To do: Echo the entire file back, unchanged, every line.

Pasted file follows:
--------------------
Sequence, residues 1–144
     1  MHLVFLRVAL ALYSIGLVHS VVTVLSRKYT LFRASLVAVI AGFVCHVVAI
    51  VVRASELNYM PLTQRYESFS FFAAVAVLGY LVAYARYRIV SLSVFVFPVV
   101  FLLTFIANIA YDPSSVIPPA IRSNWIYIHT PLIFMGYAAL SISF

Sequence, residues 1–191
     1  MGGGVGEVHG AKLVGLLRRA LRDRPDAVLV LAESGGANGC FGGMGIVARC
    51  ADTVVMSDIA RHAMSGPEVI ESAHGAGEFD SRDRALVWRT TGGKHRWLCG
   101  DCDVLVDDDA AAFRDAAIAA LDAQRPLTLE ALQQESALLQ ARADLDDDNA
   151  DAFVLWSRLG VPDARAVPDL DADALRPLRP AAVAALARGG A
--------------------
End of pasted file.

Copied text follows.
Sequence, residues 1–144
     1  MHLVFLRVAL ALYSIGLVHS VVTVLSRKYT LFRASLVAVI AGFVCHVVAI
    51  VVRASELNYM PLTQRYESFS FFAAVAVLGY LVAYARYRIV SLSVFVFPVV
   101  FLLTFIANIA YDPSSVIPPA IRSNWIYIHT PLIFMGYAAL SISF

Sequence, residues 1–191
     1  MGGGVGEVHG AKLVGLLRRA LRDRPDAVLV LAESGGANGC FGGMGIVARC
    51  ADTVVMSDIA RHAMSGPEVI ESAHGAGEFD SRDRALVWRT TGGKHRWLCG
   101  DCDVLVDDDA AAFRDAAIAA LDAQRPLTLE ALQQESALLQ ARADLDDDNA
   151  DAFVLWSRLG VPDARAVPDL DADALRPLRP AAVAALARGG A